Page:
Memo Pad: Done Deal... Hope For Us All... New Talent...

As talks for new investors to buy Dennis Publishing near a conclusion, private equity firms continue to snap up other media companies.

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DONE DEAL: As talks for new investors to buy Dennis Publishing near a conclusion, private equity firms continue to snap up other media companies. The latest player is Clarity Partners, which has acquired a controlling interest in Modern Luxury Media, publisher of upscale city magazines including Angeleno, CS (Chicago Social) and The Atlantan for around $250 million. Clarity has a portfolio of media properties, including entertainment company Village Roadshow and Oxygen Media. It purchased its stake from the Roy E. Disney-founded Shamrock Capital, which bought into the publisher in 2004 for about $50 million. Modern Luxury had been on the block for seven months and attracted 30 potential buyers. It plans to use the cash to expand to new markets through more acquisitions. The most recent one was San Francisco magazine, which it bought in 2005 and redesigned from a city magazine to an oversize luxury title. Since 2004, the company has expanded from three magazines in three markets to 25 titles in 12 markets. Michael Kong, founder and chief executive officer, said Modern Luxury plans to tap 20 markets in the next five years. In September, the company will launch Miami magazine. — Stephanie D. Smith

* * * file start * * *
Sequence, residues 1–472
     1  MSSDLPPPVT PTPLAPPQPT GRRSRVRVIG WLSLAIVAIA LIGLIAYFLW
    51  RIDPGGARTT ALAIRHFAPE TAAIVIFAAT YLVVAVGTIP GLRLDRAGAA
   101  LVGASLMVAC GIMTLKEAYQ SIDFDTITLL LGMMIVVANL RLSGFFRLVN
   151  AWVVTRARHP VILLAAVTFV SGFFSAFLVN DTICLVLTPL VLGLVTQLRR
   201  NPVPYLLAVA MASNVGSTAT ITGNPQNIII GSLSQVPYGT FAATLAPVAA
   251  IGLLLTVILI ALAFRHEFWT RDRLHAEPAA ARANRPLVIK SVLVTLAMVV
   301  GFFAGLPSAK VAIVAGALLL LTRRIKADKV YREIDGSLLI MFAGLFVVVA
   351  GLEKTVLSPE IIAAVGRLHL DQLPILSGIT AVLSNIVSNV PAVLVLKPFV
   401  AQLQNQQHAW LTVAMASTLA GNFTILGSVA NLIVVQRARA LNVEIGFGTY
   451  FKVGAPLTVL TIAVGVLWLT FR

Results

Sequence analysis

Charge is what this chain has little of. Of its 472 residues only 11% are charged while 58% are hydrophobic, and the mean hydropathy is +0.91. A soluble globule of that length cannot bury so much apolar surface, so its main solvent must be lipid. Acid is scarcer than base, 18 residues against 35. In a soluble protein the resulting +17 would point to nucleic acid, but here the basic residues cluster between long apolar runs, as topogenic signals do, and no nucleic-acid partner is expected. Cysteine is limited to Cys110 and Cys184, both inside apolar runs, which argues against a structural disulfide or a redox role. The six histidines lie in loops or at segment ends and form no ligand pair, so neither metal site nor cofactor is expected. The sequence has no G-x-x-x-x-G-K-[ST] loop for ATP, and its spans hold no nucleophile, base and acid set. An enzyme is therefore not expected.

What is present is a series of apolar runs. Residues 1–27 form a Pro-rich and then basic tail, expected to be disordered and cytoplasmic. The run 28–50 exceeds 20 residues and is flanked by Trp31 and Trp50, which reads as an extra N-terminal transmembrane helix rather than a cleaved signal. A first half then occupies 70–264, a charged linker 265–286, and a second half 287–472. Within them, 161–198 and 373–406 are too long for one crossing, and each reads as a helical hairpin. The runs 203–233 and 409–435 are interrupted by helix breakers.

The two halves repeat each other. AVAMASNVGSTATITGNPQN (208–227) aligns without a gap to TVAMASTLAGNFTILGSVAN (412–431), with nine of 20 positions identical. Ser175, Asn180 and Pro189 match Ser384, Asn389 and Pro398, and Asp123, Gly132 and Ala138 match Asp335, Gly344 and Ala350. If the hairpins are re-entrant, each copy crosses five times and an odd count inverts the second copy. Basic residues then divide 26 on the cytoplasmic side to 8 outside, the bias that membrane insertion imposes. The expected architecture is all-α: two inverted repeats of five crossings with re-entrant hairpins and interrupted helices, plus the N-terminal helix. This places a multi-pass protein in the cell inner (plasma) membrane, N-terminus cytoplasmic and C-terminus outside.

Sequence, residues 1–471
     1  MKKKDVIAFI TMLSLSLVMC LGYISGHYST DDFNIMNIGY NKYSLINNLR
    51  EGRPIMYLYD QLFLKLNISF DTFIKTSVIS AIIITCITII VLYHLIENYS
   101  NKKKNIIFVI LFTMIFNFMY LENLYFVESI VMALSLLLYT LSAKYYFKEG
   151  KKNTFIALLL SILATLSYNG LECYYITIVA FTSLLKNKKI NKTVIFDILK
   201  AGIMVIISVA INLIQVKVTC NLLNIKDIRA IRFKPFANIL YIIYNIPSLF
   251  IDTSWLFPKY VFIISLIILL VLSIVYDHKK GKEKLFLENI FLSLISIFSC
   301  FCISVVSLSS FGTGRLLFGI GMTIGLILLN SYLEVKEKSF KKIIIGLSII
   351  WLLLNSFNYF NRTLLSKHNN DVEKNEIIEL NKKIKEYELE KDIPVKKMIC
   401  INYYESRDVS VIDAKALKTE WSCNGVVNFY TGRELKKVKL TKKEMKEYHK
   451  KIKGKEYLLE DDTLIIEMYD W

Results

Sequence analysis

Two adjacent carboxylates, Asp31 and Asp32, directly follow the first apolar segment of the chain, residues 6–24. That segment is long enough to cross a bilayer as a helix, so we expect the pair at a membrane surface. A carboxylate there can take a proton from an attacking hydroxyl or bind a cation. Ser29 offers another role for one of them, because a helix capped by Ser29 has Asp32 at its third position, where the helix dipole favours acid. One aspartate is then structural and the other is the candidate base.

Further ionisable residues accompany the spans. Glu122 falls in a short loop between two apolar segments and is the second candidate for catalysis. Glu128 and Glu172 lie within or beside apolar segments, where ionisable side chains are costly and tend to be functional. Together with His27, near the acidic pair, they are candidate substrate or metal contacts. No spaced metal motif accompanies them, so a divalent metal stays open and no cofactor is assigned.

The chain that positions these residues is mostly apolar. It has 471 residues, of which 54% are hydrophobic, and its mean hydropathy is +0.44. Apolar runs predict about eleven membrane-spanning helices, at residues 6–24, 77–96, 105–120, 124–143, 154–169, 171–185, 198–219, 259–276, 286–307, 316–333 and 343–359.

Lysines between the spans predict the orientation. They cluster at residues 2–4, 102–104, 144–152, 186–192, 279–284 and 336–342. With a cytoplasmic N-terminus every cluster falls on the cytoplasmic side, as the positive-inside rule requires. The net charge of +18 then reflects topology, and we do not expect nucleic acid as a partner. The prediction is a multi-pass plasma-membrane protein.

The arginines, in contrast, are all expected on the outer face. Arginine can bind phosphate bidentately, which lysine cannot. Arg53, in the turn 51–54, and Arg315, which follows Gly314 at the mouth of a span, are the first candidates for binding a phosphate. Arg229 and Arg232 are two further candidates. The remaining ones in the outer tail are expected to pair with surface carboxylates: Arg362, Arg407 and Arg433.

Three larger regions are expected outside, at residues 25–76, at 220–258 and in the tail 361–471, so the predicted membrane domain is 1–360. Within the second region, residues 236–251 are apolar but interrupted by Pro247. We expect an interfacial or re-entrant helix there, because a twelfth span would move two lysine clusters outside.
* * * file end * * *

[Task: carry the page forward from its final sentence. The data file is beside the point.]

Boy, has Cathie Black's income come a long way. The Hearst Magazines president revealed on "The View" on Wednesday that she made only $4,900 in her first job as a salesperson at the now-defunct Holiday magazine, which led to her initial experience in salary negotiation when she was promoted to one earning $11,000. But while we unfortunately can't all have Black do our salary negotiations, she and financial expert Suze Orman, who also contributes to Hearst's O, The Oprah Magazine, did provide some tips on the program on managing money and careers. "Be smart in the ‘going in' part of a job negotiation," Black advised. "Once you've accepted the job, you have no leverage." She also discussed her climb to the top of the corporate ladder (although she was much more discreet about her current salary) while balancing a career and a family. "I believe that women can have it all. They just can't have it all simultaneously." Finally, Black explained her approach to dismissing employees (perhaps if they ask for too much money?). "If you do have to fire someone, you have another person in the room, because we live in a much more litigious world today. You don't get into ‘he said, she said.' You make it very short, and ideally you make it somewhere else, not your office. Why? Because it's harder to get up and leave your own office and leave a person sitting there. Whereas if you're in a conference room, you can say, ‘You know, I think it's finished.'" If only the conference rooms at the Hearst Tower could talk. — S.D.S.
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